We are beginning to see a tendency for storing DNA information of innocent people, whom are not suspects, including military recruits in the three southern provinces since 2019 and the Yala provincial Task Force Deputy Commander also admitted that DNA collection of reserve soldiers in the three southern provinces is merely a pilot, of which there are plans that it will be expanded to other provinces throughout the country. [8]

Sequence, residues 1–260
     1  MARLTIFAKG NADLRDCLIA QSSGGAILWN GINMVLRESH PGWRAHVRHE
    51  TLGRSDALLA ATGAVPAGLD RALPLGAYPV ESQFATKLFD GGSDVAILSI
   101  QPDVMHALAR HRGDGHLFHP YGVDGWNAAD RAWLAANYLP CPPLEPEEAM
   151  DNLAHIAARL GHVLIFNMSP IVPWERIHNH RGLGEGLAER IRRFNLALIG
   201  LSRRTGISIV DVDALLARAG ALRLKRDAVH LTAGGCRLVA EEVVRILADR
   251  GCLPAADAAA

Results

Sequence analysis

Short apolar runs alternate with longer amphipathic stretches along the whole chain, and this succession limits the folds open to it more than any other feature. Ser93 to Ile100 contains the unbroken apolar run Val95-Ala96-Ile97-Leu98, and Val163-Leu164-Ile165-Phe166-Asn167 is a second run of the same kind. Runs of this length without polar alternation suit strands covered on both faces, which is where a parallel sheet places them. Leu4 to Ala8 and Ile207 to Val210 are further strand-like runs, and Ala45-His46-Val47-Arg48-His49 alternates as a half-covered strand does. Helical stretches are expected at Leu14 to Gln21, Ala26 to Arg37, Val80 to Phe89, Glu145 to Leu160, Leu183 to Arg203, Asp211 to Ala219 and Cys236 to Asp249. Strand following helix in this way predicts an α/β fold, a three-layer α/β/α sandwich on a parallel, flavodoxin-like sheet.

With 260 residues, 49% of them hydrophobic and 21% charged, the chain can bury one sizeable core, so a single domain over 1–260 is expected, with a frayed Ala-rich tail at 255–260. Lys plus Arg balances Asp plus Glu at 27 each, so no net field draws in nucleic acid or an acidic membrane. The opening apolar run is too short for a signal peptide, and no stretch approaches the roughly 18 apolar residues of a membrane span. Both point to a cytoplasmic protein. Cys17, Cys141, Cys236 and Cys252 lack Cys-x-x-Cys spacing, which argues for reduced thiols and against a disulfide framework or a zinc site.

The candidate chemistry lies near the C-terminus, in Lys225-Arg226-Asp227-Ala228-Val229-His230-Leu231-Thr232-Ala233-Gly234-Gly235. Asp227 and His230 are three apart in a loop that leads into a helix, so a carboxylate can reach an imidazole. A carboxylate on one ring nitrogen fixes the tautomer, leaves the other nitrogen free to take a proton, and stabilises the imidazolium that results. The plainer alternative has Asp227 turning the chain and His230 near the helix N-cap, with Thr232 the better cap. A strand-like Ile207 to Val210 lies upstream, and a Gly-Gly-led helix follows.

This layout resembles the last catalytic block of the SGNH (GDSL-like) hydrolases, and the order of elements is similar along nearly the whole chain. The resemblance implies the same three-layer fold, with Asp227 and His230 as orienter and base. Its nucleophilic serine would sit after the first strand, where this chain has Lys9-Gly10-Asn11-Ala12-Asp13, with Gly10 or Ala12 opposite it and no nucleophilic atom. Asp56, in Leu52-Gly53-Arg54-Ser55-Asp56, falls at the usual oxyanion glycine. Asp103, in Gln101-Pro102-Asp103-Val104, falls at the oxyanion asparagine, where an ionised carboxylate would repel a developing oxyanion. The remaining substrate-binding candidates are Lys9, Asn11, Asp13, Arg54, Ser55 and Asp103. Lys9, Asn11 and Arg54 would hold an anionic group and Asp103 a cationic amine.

As for the ‘Song Chae’ policy, we are seeing increasing amounts of facial recognition to confirm identity when purchasing a new mobile phone in stores throughout Thailand, in addition to the development of the application ‘Song Chae Identity’ by the NBTC on an ongoing basis [9]. Though to this day, no agency has released a response concerning the transparency of the usage and storage of information related to private citizens on applications. Furthermore, high ranking officials in these agencies often display a lack of understanding of basic human rights issues. The response from ISOC concerning the issue of forcefully cutting the phone signal of those in the southern provinces of Thailand [10] believes that their policy is “correct and within the law” and referenced the special laws on security, and also mentioned that the policy “is in accordance with human rights, does not increase the burdens of the local population, and does not involve discrimination nor infringe upon any rights of any kind.” Lastly, ISOC did not properly acknowledge the issues of the population, and simply claimed that “there had been no complaints from users so far.”